Green Deal: Sustainable batteries for a circular and climate neutral economy

Submitted by Lee Gibson on 10 December 2020

The European Commission has revealed proposals to modernise European Union (EU) legislation on batteries, delivering its first initiative among the actions announced in the new Circular Economy Action Plan.

Batteries that are more sustainable throughout their life cycle are key for the goals of the European Green Deal and contribute to the zero pollution ambition set in it.

They promote competitive sustainability and are necessary for green transport, clean energy and to achieve climate neutrality by 2050. The proposal addresses the social, economic and environmental issues related to all types of batteries.

The aim is that all batteries sold in the EU should become sustainable, high-performing and safe for their entire life-cycle.

This means batteries that are produced with the lowest possible environmental impact. They should be long-lasting and safe and, at the end of their life, repurposed, remanufactured or recycled, feeding valuable materials back into the economy.

Executive Vice-President for the European Green Deal Frans Timmermans said: "Clean energy is the key to the European Green Deal, but our increasing reliance on batteries in, for example, transport should not harm the environment.

"The new batteries regulation will help reduce the environmental and social impact of all batteries throughout their life-cycle. This proposal allows the EU to scale up the use and production of batteries in a safe, circular and healthy way."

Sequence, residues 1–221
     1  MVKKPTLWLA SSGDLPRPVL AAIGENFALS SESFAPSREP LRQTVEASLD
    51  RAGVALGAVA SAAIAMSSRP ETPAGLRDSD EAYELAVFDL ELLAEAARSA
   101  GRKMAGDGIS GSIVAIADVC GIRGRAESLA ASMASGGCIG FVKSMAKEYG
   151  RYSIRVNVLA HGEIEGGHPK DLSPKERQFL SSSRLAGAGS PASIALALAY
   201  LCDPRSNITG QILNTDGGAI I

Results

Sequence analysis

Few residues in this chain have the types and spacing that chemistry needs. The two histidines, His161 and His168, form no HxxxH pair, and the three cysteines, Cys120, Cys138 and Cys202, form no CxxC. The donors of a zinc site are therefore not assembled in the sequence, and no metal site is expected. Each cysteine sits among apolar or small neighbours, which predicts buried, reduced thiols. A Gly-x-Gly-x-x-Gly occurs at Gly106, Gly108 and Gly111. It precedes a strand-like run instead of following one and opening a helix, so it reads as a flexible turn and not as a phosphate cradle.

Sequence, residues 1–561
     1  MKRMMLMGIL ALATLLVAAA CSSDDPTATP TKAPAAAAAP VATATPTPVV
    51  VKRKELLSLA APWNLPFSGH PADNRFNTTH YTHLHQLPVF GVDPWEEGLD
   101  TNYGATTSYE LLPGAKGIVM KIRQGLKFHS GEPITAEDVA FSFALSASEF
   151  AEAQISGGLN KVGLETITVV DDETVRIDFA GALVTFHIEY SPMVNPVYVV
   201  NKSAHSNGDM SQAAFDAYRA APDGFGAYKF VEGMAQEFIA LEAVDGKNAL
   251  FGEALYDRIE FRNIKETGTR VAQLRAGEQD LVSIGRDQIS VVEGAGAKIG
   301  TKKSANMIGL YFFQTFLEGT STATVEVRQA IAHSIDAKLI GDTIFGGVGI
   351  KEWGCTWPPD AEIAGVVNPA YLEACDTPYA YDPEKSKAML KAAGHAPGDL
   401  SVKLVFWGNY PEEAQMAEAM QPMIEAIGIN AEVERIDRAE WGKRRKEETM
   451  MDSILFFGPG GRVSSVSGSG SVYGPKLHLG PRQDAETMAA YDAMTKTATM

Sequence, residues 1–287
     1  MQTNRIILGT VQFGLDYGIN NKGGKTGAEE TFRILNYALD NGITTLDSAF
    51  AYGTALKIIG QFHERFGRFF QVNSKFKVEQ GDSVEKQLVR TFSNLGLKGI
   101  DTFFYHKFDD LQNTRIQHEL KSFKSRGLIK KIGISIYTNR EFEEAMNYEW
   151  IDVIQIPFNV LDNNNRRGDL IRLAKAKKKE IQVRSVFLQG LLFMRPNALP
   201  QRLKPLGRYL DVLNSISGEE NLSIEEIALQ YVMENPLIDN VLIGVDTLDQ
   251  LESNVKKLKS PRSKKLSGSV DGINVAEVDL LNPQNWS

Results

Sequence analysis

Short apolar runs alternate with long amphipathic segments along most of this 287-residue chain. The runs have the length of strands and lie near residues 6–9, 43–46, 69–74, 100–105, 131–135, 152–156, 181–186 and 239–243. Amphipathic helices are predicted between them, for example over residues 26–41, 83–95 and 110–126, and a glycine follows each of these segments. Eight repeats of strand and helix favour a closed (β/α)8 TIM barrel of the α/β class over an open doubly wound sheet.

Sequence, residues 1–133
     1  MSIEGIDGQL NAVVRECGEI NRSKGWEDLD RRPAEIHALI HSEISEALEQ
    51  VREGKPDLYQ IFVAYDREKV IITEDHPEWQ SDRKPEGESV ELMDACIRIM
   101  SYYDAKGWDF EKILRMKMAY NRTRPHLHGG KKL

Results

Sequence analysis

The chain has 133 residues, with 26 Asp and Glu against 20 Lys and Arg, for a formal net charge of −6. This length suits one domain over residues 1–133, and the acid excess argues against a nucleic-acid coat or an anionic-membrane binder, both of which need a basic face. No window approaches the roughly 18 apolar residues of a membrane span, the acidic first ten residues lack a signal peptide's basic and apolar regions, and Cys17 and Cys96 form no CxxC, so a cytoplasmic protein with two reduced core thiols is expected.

Commissioner for Environment, Oceans and Fisheries Virginijus Sinkevičius said: “Batteries are essential for crucial sectors of our economy and society such as mobility, energy and communications. This future-oriented legislative toolbox will upgrade the sustainability of batteries in each phase of their life-cycle.

"Batteries are full of valuable materials and we want to ensure that no battery is lost to waste. The sustainability of batteries has to grow hand in hand with their increasing numbers on the EU market.”

Promoting competitive sustainability in Europe

The Commission proposes mandatory requirements for all batteries (i.e. industrial, automotive, electric vehicle and portable) placed on the EU market.

Requirements would include use of responsibly sourced materials with restricted use of hazardous substances, minimum content of recycled materials, carbon footprint, performance and durability and labelling, as well as meeting collection and recycling targets.

Providing legal certainty, the Commission believes, will help unlock large-scale investment and boost the production capacity for innovative and sustainable batteries in Europe and beyond to respond to the fast-growing market.

Minimising environmental impact of batteries

The Commission also aims to boost the circular economy of the battery value chains and promote more efficient use of resources with the aim of minimising the environmental impact of batteries. From 1 July 2024, only rechargeable industrial and electric vehicles batteries for which a carbon footprint declaration has been established, can be placed on the market.

To maintain valuable materials used in batteries for as long as possible in the European economy, the Commission proposes to establish new requirements and targets on the content of recycled materials and collection, treatment and recycling of batteries at the end-of-life part. This would make sure that industrial, automotive or electric vehicle batteries are not lost to the economy after their useful service life.

The proposed regulation defines a framework that will facilitate the repurposing of batteries from electric vehicles so that they can have a second life, for example as stationary energy storage systems, or integration into electricity grids as energy resources.

For more information see the Commission's Q&A on Sustainable Batteries proposal and the factsheet below.

Battery recycling facility
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